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Case # 003.

Cabansag v. Fernandez
Ref./Date/ Pn.
G.R. No. L8974 October 18, 1957 BAUTISTA ANGELO, J.: JEN
Law/ Subject:
CONSTI II / Freedom of Expression
Case Aid:
Petitioner wrote a letter to PCAC not indirect contempt
Facts:
This is a contempt proceeding which arose in Civil Case No. 9564 of the Court of First Instance of Pangasinan wherein
Apolonio Cabansag and his lawyers Roberto V. Merrera were found guilty and sentenced the first to pay a fine of P20 and
the last two P50 each with the warning that a repetition of the of offense will next time be heavily dealt with.
Cabansag wrote a letter to the Presidential Complaints and Action Commission seeking for the fast resolution of his case
pending at the CFI of Pangasinan. Fernandez prayed that Cabansag be declared in contempt of court for a line in his letter.
Petitioner (Apolonio Cabansag) sought for the ejectment of Geminiana Fernandez from a parcel of land who, on the other
end, filed their answer and a motion to dismiss. Even though pleadings were submitted, the hearings were suspended
several times from 1947 to 1952.
Upon President Magsaysays assumption in office and creation of Presidential Complaints and Action Commission
(PCAC), Cabansag wrote the PCAC, a letter copy which he furnished the Secretary of Justice and the Executive Judge of
the CFI of Pangasinan. He claimed that the case which had been long been pending be decided already. The Secretary of
Justice indorsed the said letter to the Clerk of CFI Pangasinan.
Counsel for defendants (Atty. Manuel Fernandez) filed a motion before Judge Morfe praying that Cabansag be declared in
contempt of court for an alleged scurrilous remark he made in his letter to the PCAC: x x x The undersigned has long
since been deprived of his land thru the careful maneuvers of a tactical lawyer. The said case which had long been
pending could not be decided due to the fact that the transcript of the records has not, as yet, been transcribed by the
stenographers who took the stenographic notes. The new Judges could not proceed to hear the case before the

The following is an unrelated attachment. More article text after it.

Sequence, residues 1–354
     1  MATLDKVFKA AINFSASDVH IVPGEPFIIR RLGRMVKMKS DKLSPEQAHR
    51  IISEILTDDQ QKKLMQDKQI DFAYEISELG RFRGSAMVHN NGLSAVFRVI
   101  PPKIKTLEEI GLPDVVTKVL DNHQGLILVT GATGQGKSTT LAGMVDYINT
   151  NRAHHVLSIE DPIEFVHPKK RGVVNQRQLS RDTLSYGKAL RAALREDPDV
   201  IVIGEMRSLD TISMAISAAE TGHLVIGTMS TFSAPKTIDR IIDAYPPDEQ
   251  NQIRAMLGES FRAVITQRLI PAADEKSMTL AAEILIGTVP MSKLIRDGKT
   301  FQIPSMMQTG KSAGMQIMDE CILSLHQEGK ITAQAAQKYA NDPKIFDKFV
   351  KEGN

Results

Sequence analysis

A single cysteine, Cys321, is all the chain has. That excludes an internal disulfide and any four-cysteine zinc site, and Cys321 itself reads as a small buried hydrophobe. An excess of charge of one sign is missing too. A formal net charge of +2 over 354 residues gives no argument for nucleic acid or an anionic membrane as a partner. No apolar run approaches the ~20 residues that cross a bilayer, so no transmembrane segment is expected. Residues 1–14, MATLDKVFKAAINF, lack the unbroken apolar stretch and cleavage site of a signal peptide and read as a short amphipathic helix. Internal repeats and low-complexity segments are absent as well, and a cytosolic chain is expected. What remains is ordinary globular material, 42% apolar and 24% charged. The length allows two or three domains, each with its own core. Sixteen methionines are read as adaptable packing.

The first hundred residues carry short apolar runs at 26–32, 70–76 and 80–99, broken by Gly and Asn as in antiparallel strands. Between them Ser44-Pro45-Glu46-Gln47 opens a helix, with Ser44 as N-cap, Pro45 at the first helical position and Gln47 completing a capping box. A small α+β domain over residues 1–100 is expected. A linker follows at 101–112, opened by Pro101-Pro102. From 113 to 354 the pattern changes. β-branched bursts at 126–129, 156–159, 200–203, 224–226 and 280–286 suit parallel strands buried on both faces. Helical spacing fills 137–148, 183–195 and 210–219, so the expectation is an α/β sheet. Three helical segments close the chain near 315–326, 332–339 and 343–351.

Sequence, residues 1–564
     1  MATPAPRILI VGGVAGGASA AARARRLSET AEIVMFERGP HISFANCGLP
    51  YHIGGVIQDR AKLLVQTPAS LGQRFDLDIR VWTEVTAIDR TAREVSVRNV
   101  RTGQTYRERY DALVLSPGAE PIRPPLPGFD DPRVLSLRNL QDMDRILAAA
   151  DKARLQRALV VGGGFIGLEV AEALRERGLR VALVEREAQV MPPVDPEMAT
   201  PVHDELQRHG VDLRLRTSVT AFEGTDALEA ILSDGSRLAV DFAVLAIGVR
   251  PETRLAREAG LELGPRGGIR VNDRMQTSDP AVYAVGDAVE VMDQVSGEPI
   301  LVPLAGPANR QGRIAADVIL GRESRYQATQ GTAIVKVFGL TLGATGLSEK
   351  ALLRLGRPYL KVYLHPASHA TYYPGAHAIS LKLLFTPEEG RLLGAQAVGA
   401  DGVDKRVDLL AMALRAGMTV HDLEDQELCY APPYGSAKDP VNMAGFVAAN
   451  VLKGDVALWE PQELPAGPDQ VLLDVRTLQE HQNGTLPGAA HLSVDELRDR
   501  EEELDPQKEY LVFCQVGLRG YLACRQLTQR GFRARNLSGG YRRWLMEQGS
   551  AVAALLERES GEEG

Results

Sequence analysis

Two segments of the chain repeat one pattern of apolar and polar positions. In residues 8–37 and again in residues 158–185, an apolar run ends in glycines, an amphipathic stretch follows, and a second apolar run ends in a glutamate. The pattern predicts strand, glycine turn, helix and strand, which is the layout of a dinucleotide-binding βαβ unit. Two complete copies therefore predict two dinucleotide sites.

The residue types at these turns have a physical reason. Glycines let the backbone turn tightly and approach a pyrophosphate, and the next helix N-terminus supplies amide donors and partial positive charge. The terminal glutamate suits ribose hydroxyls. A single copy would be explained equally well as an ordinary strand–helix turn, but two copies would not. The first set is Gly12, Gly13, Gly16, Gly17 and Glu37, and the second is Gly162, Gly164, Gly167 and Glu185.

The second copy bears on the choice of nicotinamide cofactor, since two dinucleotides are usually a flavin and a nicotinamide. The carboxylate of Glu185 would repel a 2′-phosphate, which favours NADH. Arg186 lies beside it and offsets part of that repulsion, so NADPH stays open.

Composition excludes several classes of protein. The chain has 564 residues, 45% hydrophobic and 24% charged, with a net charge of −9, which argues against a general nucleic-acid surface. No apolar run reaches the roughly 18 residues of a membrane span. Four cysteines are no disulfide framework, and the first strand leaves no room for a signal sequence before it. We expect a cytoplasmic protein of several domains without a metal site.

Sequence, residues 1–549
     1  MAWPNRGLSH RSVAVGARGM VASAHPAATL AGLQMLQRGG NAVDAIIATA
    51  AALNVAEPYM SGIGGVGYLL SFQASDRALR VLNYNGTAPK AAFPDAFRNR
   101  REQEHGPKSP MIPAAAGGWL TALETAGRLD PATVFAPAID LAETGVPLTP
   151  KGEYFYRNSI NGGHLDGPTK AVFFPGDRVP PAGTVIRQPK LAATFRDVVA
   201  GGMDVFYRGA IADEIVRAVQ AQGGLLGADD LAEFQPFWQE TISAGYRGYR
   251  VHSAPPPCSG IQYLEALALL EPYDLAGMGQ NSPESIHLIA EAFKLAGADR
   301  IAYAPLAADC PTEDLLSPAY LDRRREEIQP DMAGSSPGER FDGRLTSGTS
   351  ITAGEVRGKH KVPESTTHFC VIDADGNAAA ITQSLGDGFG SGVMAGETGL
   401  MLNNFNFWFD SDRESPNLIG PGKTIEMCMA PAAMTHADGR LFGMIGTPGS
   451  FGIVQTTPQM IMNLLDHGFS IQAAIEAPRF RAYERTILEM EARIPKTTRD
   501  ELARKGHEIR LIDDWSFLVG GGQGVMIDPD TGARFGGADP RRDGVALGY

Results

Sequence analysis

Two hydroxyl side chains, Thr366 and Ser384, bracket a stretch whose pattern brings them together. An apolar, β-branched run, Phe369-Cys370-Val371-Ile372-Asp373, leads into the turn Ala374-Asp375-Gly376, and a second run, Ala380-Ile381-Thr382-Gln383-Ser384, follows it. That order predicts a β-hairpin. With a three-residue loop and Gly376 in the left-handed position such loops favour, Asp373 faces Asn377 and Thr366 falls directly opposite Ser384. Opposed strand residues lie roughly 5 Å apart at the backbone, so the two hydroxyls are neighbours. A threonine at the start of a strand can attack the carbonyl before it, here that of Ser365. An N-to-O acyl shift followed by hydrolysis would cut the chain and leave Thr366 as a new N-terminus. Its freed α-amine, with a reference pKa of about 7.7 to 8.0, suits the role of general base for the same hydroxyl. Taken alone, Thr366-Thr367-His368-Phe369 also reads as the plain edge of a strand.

transcription of the said notes. The stenographers who took the notes are now assigned in another courts. It seems that the
undersigned will be deprived indefinitely of his right of possession over the land he owns. He has no other recourse than to
ask the help of the ever willing PCAC to help him solve his predicament at an early date.
Issue/s: WON petitioner should be liable for indirect contempt.
Held: NO. Wherefore, the decision appealed from is reversed, without pronouncement as to costs.
Ratio:
The very idea of a government, republican in form, implies a right on the part of its citizens to meet peaceably for
consultation in respect affairs and to petition for a redress of grievances. The First Amendments of the Federal expressly
guarantees that right against abridgment by Congress. But mention does not argue exclusion elsewhere. For the right is one
that cannot be denied without violating those fundamental principles of liberty and justice which lie at the base of all civil
and political institutions principles which the Amendment embodies in the general terms of its due process clause.
The freedom of the press in itself presupposes an independent judiciary through which that freedom may, if necessary, be
vindicated. And one of the potent means of assuring judges their independence is a free press.
Two theoretical formulas had been devised in the determination of conflicting rights of similar import in an attempt to draw
the proper constitutional boundary between freedom of expression and the independence of the judiciary. These are
the clear and present danger rule and the dangerous tendency rule.
The first as interpreted in a number of cases, means that the evil consequence of the comment or utterance must be
extremely serious and the degree of imminence extremely high before the utterance can be punished. The danger to be
guarded against is the substantive evil sought to be prevented. And this evil is primarily the disorderly and unfair
administration of justice. This test establishes a definite rule in constitutional law. It provides the criterion as to what
words maybe published. Under this rule, the advocacy of ideas cannot constitutionally be abridged unless there is a clear
and present danger that such advocacy will harm the administration of justice. The US Supreme Court has made the
significant suggestion that this rule is an appropriate guide in determining the constitutionality of restriction upon
expression where the substantial evil sought to prevent by the restriction is destruction of life or property or invasion of the
right of privacy. The Court furthers clear and present danger of substantive evil as a result of indiscriminate publications

regarding judicial proceedings justifies an impairment of the constitutional right of freedom of speech and press only if the
evils are extremely serious and the degree of imminence extremely high A public utterance or publication is not to be
denied the constitutional protection of freedom of speech and press merely because it concerns a judicial proceeding still